Take the 2-minute tour ×
MathOverflow is a question and answer site for professional mathematicians. It's 100% free, no registration required.

Let $X$ be the wedge sum of two $2$-dimensional spheres and $f$ a continuous function from $X$ into $X$. Does $f$ have either a fixed point or a periodic point of order 2? Thanks

share|improve this question
    
Is there an example where $f$ has no fixed point? –  Noam D. Elkies Jul 9 '13 at 6:33
4  
@Noam: Yes. On one sphere, send each point to its antipode. Send everything else to the antipode of the base point. –  Will Sawin Jul 9 '13 at 6:37
4  
By the Lefschetz trace formula, if $M$ is the $2 \times 2$ matrix that gives the action of $f$ on $H^2$, then $tr(M)=-1$ and $tr(M^2)=-1$, so $tr(M)^2-2 det (M) = -1$, so $det(M)=1$. –  Will Sawin Jul 9 '13 at 6:45
    
@Will I do not know what are you saying, yes or no? –  Pedro Perez Jul 9 '13 at 7:12
2  
@PedroPerez Will's argument says that if $f$ is a self-map such that neither $f$ nor $f^2$ has a fixed point, then $f$ must act with determinant one on $H^2(X)\simeq\mathbb{Z}^2$. In particular, $f$ must be a homotopy equivalence. I don't think that Will is making any claim about whether such a map $f$ exists. –  Neil Strickland Jul 9 '13 at 7:43
add comment

1 Answer

Will's comment above shows that the action of $f$ on $H^2$ is of order 3 (the eigenvalues are the nontrivial third roots of unity) and something like $\begin{pmatrix}0&-1\\1&-1\end{pmatrix}$. So I thought one should try a construction using third roots of unity realizing this.

Write the wedge as $S^1 \times [0,2] / \sim $ where one identifies $(s,0)\sim (s',0), (s,1)\sim (s',1), (s,2)\sim (s',2)$.

Let $\zeta$ be a third root of unity, and define

$f: S^1 \times [0,2] / \sim\ \to \ S^1 \times [0,2] / \sim$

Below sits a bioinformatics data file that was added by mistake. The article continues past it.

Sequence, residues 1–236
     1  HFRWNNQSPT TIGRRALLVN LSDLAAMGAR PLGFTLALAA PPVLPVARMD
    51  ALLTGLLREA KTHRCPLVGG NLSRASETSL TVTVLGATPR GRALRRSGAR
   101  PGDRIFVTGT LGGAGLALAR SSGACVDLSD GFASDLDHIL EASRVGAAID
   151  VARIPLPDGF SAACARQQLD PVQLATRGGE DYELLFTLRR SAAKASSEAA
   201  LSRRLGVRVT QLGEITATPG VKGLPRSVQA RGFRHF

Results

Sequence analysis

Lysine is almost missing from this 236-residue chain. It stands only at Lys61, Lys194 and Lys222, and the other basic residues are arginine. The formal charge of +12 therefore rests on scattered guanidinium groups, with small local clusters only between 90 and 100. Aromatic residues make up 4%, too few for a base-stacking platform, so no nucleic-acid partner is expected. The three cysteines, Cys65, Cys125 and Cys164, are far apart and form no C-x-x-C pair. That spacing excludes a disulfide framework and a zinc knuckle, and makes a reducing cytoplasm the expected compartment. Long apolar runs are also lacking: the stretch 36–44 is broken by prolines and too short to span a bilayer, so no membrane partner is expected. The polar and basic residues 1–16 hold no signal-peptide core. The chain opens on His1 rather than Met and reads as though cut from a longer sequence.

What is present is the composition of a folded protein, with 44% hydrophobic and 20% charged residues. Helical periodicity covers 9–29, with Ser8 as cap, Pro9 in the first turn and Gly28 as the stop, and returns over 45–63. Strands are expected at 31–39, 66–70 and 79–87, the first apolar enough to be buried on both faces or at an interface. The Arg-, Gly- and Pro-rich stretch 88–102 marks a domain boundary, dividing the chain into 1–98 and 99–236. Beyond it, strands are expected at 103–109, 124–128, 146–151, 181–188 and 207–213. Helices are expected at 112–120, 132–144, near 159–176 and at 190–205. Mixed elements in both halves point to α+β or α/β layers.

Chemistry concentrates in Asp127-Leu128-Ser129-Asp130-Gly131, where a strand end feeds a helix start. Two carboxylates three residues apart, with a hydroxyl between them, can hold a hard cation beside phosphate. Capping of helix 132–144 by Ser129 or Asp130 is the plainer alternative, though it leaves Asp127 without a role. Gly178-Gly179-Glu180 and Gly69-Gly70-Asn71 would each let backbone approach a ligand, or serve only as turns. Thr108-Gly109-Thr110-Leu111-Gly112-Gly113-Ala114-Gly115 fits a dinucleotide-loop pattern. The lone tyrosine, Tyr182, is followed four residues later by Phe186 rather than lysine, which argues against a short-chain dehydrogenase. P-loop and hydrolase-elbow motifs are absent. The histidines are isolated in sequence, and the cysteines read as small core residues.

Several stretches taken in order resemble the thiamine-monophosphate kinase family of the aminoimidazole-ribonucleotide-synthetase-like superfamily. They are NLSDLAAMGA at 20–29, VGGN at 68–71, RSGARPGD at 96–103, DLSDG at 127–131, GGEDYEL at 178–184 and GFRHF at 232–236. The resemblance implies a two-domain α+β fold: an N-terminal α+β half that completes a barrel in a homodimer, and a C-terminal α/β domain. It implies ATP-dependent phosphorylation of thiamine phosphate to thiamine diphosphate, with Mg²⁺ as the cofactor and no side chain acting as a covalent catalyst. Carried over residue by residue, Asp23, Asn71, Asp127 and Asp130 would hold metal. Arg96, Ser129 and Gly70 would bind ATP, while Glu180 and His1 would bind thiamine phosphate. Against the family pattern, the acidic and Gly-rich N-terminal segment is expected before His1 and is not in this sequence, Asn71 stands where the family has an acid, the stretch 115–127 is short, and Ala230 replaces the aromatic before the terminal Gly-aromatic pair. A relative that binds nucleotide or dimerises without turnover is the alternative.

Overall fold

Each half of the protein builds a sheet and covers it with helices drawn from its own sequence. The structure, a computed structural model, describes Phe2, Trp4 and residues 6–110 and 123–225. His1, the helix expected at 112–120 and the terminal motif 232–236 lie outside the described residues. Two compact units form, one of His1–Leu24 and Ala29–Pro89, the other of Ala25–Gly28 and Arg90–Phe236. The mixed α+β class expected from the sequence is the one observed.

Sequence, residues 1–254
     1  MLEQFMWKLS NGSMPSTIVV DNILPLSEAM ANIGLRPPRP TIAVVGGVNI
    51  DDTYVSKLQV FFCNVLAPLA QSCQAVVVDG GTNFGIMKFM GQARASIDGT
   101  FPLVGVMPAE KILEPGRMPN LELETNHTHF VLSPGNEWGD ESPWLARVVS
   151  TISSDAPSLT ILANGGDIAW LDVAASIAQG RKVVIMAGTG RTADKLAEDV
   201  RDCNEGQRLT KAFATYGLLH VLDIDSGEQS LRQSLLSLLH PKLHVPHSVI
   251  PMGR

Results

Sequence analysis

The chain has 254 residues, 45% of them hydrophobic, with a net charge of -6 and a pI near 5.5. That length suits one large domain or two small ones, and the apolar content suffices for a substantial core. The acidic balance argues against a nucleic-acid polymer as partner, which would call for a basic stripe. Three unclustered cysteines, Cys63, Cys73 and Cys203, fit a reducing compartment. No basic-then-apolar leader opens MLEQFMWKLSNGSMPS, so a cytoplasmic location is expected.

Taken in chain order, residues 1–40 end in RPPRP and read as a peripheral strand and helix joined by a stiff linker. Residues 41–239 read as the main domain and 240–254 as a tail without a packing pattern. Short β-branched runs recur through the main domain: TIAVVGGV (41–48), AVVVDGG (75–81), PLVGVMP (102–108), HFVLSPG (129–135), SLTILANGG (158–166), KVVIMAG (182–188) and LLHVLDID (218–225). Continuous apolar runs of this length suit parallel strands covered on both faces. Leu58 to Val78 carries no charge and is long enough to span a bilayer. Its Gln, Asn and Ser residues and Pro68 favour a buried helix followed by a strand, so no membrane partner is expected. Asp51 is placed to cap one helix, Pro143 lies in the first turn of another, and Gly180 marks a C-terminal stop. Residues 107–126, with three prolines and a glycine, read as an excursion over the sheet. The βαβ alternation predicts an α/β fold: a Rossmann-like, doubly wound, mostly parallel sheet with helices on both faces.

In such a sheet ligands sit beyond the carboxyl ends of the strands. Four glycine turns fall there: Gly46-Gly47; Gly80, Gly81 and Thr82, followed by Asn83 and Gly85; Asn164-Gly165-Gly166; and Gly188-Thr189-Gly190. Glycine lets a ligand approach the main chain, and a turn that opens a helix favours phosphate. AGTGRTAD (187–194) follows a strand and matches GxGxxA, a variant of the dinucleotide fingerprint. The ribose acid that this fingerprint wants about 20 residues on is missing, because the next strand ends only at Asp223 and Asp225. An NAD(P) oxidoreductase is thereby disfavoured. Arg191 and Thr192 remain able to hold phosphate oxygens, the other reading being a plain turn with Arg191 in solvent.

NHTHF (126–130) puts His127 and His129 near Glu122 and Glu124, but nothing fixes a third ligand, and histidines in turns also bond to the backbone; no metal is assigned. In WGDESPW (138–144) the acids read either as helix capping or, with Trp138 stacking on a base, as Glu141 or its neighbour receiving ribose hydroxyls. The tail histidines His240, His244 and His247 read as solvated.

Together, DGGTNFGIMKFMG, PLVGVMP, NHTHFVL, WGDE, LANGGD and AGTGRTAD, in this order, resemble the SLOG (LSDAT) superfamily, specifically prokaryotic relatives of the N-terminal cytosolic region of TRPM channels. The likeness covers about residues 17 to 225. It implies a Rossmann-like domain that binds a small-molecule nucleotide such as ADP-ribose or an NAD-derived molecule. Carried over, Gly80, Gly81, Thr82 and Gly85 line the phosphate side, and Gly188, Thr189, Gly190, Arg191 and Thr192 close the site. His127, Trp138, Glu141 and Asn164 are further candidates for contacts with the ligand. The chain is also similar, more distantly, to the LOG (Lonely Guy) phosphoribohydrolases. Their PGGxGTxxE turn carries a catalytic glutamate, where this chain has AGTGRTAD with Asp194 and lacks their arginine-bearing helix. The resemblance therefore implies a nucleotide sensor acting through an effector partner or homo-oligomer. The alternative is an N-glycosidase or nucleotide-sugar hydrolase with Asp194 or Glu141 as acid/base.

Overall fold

by

$f(s,t)=(\zeta s, 2-2t)$ for $t\le 1$ and $f(s,t)=(\zeta s, t-1)$ for $t\ge 1$

Note that the three points where $t=0,t=1,t=2$ are permuted cyclically. This implies $f$ and $f^2$ have no fixed points (for all other points the $\zeta$ respectively $\zeta^2$ factor works).

Note also that multiplication by $\zeta$ is not really necessary, almost any rotation of the circle would be fine. Multiplication by $\zeta$ allows $f^3$ to be close to the identity. If one uses a different rotation, the three points with $t=0,t=1,t=2$ are the only fixed points.

share|improve this answer
5  
Let me connect the dots of what nsrt and @WillSawin are saying: If $f$ and $f^2$ are fixed point free, then $Tr(M) = Tr(M^2) = -1$. Let the eigenvalues of $M$ be $\lambda$ and $\mu$. Then $\lambda+\mu = \lambda^2 + \mu^2 = -1$. The only solution to these equations is $(\lambda, \mu) = (\zeta, \zeta^{-1})$ for $\zeta$ a primitive cube root of unity. In particular, $M^3$ is the identity, so $f^3$ has fixed points and, if they are isolated smooth points of the spheres, then there are $3$ of them. –  David Speyer Jul 9 '13 at 13:21
    
I want to make a very small remark. The rotation by $\zeta$ is not necessary in the second branch ($t\geq 1$) of the definition of $f$. So the following would also work: $f(s,t)=(\zeta s, 2-2t)$ for $t\leq 1$, and $f(s,t)=(s, t-1)$ for $t\geq 1$. Here, and also in the answer above, $\zeta$ can actually be any self-map of the circle such that $\zeta$ and $\zeta^2$ do not have fixed points: for example, $\zeta$ can be any rotation of the circle which is neither the identity nor the antipodal map. –  Ricardo Andrade Jul 9 '13 at 21:09
add comment

Your Answer

 
discard

By posting your answer, you agree to the privacy policy and terms of service.

Not the answer you're looking for? Browse other questions tagged or ask your own question.